UNIVERSITIES have been condemned for employing 88 people who earn the same or more than First Minister Alex Salmond’s £140,000 salary.
• Eighty-eight senior university staff earn the same or more than Alex Salmond’s £140,000 annual pay
• Edinburgh University employ 52 people on or above £140,000-a-year
• Sir Ian Diamond, Aberdeen principal, is top earner on £303,000
• NUS Scotland’s Robin Parker condemns pay gulf as “unjustifiable”
Just two principals across the 18 institutions earn less than the leader of the Scottish Government, according to figures from the National Union of Students (NUS).
University of Edinburgh employs 52 people on or above £140,000 a year, with other top salaries at the universities of Aberdeen, Glasgow and Strathclyde.
Aberdeen principal Sir Ian Diamond earns the most, £303,000, according to the figures.
Robin Parker, president of NUS Scotland, said: “It’s unjustifiable for university principals and other senior staff to routinely be paid such large sums.
“There are 88 senior staff members at Scottish universities who earn more than the First Minister, and across our institutions the gap between the lowest and highest paid is too large, with some receiving almost 20 times that of the lowest paid university employee.
“Universities need academic autonomy but they should not have the freedom to pay such large salaries and to allow large gaps between those at the top end and the lowest paid.
“There are hundreds of millions of pounds of public money quite rightly going into universities over the next few years. We must make sure that this money is used on the frontline, not on increasing already-substantial senior salaries.”
The details were in a submission from the NUS to consultants developing the governance code for universities.
NUS wants a maximum pay ratio between high and low earners.
The largest ratio at present is at Abertay Univeristy where the highest earner gets 19.9 times more than the lowest paid worker.
The average ratio across Scottish universities is 16.1, the figures show.
An Edinburgh University spokesman said: “The University of Edinburgh is the largest higher education employer in Scotland with over 12,000 employees and income of over £700m per year.
“Proportionately, a very small number of employees earned more than £140K in the period Aug 2011 to July 2012.”
The university said clinical academic professors, some senior management and non-clinical professors “who are leading international experts in their field” fell under the university’s top pay bracket.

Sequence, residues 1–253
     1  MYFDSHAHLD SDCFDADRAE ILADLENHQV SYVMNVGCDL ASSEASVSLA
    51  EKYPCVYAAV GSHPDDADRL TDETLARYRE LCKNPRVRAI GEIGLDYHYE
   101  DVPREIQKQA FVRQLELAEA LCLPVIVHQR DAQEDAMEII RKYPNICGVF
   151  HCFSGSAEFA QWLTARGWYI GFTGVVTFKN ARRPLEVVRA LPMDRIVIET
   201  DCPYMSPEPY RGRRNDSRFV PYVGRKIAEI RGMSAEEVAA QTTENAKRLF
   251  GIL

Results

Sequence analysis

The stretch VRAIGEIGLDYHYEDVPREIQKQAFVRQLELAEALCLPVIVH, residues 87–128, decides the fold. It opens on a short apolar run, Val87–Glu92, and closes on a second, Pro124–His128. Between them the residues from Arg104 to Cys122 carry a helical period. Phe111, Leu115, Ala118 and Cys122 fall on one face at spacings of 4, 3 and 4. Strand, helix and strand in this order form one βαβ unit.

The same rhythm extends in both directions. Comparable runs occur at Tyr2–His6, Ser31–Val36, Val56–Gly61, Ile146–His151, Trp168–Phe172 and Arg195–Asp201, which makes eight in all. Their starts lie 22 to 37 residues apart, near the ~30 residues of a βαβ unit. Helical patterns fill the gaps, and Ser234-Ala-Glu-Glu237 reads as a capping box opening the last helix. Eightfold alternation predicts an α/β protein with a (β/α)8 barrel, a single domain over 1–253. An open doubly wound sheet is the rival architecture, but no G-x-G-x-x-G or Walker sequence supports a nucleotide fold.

The statement continued: “Clinical and non-clinical professorial employees whose reported earnings exceeded £140,000 includes staff for whom a proportion of earnings are generated from external consultancy work related to their research. Consultancy work generates important income for the University and the economy.
“The University of Edinburgh is a world leading institution which sustains its high academic standing through the quality and distinction of its academic staff. To this extent, the University is in competition for these staff with other leading world institutions so it is necessary to offer remuneration packages that enable us to attract and retain the very best staff.”
A spokeswoman for Universities Scotland said: “It is unreasonable to compare universities to wholly public sector organisations such as local authorities when it comes to senior pay as universities are not technically public sector bodies. Universities do receive a significant level of public funding but this is a minority of their total income with over £1.6 billion or 56 per cent of the total coming from private and competitively won sources. As a result these salaries are not wholly paid for by the public purse unlike those in public sector organisations.
“The highest paid staff in universities tend to be senior clinical academics who are employed jointly by the university and the NHS. This is usually what accounts for salaries over £250,000 in the very limited number of cases this occurs. It is important to be clear that the salary levels are determined by NHS terms and conditions and not all of the salary is paid by the university.
“A recent analysis found Scotland’s universities have moved to show restraint in principals’ pay as the average increase was one per cent. The same survey found that at many universities, principals’ pay has remained static over the last year or has actually decreased.”